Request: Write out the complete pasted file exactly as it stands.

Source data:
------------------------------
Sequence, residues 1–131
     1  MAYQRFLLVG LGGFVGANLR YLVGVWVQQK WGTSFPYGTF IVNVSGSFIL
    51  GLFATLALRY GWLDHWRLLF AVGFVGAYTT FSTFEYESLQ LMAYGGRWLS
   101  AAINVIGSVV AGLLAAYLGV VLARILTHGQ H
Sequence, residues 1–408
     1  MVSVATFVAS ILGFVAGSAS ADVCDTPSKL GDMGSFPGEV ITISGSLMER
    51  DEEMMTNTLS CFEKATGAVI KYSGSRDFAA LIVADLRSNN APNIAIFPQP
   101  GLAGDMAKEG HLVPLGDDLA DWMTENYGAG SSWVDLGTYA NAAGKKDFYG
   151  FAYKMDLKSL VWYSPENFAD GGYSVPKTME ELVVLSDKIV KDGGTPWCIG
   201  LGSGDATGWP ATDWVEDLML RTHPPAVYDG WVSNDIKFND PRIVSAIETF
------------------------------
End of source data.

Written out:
Sequence, residues 1–131
     1  MAYQRFLLVG LGGFVGANLR YLVGVWVQQK WGTSFPYGTF IVNVSGSFIL
    51  GLFATLALRY GWLDHWRLLF AVGFVGAYTT FSTFEYESLQ LMAYGGRWLS
   101  AAINVIGSVV AGLLAAYLGV VLARILTHGQ H
Sequence, residues 1–408
     1  MVSVATFVAS ILGFVAGSAS ADVCDTPSKL GDMGSFPGEV ITISGSLMER
    51  DEEMMTNTLS CFEKATGAVI KYSGSRDFAA LIVADLRSNN APNIAIFPQP
   101  GLAGDMAKEG HLVPLGDDLA DWMTENYGAG SSWVDLGTYA NAAGKKDFYG
   151  FAYKMDLKSL VWYSPENFAD GGYSVPKTME ELVVLSDKIV KDGGTPWCIG
   201  LGSGDATGWP ATDWVEDLML RTHPPAVYDG WVSNDIKFND PRIVSAIETF